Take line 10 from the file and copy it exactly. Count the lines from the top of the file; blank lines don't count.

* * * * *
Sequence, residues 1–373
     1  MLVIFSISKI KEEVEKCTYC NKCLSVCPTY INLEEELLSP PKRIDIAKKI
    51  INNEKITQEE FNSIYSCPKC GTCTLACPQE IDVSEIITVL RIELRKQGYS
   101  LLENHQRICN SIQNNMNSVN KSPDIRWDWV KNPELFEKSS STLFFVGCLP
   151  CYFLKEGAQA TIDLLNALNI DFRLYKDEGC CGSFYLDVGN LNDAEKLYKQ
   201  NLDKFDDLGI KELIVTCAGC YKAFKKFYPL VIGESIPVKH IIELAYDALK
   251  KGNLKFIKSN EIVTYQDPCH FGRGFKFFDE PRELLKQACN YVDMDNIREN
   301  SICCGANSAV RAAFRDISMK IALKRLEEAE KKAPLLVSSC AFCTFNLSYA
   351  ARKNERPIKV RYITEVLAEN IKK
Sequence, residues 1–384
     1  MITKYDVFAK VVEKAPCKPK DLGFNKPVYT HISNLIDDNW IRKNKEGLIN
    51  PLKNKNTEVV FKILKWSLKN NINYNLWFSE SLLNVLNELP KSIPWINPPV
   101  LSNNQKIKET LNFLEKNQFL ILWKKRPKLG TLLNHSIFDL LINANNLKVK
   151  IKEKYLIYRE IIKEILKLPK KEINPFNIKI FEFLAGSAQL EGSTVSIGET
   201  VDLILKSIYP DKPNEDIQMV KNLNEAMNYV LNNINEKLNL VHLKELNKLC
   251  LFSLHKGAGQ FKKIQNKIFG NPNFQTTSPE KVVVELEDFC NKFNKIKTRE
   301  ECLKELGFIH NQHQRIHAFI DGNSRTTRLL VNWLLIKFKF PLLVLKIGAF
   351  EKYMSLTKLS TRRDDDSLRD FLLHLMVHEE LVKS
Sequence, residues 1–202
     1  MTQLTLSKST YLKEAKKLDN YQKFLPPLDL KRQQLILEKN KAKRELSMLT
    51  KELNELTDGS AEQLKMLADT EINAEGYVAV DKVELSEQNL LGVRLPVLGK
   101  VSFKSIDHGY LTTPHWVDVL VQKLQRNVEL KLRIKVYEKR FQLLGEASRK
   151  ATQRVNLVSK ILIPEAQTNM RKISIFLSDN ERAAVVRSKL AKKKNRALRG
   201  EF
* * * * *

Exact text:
Sequence, residues 1–384